“The national debt is akin to student loans – while not an immediate concern, it could become a major problem.”
Last week, we discussed the state of the corporate leverage. Consumer debt is also an area of concern, but to a lesser extent than corporate debt. Domestic consumer debt is now $14 trillion – above levels realized prior to the financial crisis. However, real GDP has increased over 20% since then, which supports a higher debt level. Additionally, the credit profiles of consumers are stronger and subprime borrowings are at reasonable levels.
While the majority of consumer debt remains in the form of secured mortgages, the composition of the remaining has changed. Auto loans have grown disproportionately, nearly doubling to $1.2 trillion since post-crisis lows. Despite recent worries, credit quality has held up and lenders have tightened their standards. Also concerning is the growth in student debt which has tripled since 2007 to $1.6 trillion. While not an immediate concern, it is a long-term problem as debt incurred today restricts future growth. We have avoided consumer finance stocks given the inferior risk/reward dynamic. At this point in the cycle, we believe traditional banks are relatively attractive from an investment standpoint. These banks carry lower risk with upside potential based on the positive loan growth outlook, strong underlying credit quality, and attractive shareholder-return policies.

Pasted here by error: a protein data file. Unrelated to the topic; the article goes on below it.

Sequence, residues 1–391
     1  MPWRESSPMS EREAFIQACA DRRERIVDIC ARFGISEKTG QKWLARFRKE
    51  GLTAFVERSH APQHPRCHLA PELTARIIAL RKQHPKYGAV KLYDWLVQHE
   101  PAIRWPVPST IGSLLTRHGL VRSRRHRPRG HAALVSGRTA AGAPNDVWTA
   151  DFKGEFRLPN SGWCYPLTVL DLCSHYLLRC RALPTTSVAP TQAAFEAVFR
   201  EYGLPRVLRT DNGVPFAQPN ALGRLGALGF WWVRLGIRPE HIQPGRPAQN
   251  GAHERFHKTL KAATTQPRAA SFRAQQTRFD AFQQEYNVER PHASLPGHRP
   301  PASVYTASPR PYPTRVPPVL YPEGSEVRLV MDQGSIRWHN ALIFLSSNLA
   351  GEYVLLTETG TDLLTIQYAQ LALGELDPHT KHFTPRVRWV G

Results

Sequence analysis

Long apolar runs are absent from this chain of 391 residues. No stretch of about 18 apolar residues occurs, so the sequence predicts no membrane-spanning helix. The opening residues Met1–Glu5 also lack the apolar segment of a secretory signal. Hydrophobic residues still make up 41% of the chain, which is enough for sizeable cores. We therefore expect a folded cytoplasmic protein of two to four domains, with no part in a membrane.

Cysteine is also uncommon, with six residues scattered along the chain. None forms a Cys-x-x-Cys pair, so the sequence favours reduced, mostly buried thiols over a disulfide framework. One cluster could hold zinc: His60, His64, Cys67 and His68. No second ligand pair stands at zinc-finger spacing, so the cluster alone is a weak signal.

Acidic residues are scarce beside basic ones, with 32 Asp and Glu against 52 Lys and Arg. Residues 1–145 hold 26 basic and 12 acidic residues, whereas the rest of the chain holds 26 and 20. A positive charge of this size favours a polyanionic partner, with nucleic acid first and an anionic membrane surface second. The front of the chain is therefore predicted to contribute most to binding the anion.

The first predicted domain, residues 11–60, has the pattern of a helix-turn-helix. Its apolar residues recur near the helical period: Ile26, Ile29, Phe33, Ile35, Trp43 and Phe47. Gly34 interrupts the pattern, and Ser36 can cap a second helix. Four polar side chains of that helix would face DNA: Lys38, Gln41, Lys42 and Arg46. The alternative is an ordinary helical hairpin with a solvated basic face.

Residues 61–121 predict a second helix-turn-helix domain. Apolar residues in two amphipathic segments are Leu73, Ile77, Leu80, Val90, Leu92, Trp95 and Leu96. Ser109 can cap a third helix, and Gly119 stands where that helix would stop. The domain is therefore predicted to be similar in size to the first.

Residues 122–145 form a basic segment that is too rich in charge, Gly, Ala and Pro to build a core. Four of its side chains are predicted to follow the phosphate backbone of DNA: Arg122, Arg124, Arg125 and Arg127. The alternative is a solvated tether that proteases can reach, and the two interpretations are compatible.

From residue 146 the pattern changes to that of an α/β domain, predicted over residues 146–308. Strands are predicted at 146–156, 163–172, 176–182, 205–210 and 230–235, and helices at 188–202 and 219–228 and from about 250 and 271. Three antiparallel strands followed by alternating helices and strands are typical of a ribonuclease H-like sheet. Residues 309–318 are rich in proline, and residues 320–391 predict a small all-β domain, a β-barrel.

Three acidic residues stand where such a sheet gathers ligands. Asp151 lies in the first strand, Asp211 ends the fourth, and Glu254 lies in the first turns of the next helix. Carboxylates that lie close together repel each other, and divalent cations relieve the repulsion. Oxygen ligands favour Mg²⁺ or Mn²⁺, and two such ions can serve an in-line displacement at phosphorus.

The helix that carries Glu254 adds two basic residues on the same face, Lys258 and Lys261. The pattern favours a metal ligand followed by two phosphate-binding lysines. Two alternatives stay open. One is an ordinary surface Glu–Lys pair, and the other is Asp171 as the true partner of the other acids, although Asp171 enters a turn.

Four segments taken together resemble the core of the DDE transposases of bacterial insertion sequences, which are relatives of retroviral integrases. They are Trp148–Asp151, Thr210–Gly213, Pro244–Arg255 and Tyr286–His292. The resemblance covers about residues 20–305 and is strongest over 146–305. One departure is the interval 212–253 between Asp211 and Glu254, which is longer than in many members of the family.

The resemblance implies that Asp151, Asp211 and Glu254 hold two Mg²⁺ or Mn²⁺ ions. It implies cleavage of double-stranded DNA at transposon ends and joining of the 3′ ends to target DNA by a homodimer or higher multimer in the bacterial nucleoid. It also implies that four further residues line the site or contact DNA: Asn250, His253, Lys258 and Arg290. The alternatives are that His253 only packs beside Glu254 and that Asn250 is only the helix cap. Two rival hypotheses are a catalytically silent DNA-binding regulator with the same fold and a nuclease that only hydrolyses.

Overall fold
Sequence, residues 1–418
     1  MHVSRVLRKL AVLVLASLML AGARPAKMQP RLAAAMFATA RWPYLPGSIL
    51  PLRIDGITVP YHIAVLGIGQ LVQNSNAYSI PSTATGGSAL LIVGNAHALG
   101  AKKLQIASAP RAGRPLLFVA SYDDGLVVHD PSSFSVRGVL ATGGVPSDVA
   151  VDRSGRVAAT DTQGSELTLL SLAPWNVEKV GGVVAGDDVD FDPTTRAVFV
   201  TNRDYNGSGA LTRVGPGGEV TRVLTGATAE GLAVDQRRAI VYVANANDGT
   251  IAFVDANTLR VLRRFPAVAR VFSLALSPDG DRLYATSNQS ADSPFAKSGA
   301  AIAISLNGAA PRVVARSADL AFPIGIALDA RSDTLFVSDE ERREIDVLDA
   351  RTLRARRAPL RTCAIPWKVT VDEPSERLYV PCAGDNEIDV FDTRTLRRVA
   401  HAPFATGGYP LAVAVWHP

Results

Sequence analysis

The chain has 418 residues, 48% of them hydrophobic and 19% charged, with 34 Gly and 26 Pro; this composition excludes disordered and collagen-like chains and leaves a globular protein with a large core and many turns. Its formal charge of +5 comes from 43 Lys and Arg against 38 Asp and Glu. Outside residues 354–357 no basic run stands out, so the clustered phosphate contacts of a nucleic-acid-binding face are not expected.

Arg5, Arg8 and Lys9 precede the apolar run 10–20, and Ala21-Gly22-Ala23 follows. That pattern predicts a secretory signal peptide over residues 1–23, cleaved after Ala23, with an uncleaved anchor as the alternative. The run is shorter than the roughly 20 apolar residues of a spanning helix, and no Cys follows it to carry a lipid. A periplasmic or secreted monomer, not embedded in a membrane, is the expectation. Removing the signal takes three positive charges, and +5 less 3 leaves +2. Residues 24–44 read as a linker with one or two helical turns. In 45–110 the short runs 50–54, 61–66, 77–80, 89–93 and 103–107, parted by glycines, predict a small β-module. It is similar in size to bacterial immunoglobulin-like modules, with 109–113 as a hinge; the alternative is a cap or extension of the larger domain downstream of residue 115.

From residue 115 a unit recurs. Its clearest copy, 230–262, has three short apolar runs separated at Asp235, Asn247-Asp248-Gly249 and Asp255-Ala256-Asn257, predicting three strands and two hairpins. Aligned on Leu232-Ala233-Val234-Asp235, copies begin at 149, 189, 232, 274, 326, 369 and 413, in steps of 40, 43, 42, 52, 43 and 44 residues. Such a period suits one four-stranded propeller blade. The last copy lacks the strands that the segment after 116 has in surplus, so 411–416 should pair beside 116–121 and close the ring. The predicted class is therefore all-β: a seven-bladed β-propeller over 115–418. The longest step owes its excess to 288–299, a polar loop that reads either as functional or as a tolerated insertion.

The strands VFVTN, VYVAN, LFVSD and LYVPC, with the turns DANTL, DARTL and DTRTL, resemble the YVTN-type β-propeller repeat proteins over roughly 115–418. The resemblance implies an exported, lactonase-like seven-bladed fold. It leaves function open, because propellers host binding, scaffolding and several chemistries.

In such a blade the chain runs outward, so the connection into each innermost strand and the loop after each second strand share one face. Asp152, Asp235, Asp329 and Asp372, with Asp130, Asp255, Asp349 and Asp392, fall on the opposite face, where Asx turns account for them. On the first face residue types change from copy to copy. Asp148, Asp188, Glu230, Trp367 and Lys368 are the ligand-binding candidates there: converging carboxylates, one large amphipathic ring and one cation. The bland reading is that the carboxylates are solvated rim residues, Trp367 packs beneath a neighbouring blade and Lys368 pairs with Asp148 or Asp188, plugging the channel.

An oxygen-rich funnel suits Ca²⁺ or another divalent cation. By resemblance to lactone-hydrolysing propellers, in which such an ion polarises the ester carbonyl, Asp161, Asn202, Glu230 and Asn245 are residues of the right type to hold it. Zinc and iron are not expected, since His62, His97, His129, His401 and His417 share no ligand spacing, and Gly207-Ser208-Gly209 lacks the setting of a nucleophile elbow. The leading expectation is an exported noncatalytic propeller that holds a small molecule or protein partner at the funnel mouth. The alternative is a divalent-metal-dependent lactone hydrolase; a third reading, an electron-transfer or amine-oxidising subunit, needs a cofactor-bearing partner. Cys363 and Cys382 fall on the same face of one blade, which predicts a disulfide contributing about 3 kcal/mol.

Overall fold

Another form of consumer leverage is margin debt. Today, it stands shy of $600 billion as compared to $450 billion at the start of the 2008 recession and over $400 billion at the height of the tech bubble. On a margin debt/GDP basis, we are in-line with peaks realized during the tech bubble and the year prior to the financial crisis. While margin debt/GDP has been elevated for a number of years, it remains an area of concern and will exacerbate market corrections as realized in the recent Q4 2018 sell-off.
Today, national debt/GDP is 104% as compared to 63% in 2007 and projected to represent 144% of GDP by 2049. The national debt is akin to student loans – while not an immediate concern, it could become a major problem. The higher the debt burden, the greater the servicing costs which could otherwise be used for other expenditures. To illustrate the severity, if interest rates are one percentage point higher versus projections, the debt/GDP burden will reach 200% by 2049 (likewise if GDP growth undershoots projections). At this level, a combination of fiscal tightening, further debt issuance, and quantitative easing may be needed - which will likely have negative implications on the economy.
To put national debt in a global context, the United States is one of the most indebted nations in the G- 20. The only countries more indebted are Japan at 236% of GDP and Italy at 132% of GDP. Going forward, investors may shift allocations to less-indebted countries such as the United Kingdom, Canada, Australia, Germany, South Korea, China and, over the long term, to emerging economies such as India, Brazil, and Indonesia. This could result in higher national borrowing costs and a slower growth rate for the United States.
To read our blog from last week on corporate leverage, “A Discussion of the U.S. Debt Situation: Corporate Debt”, please click here.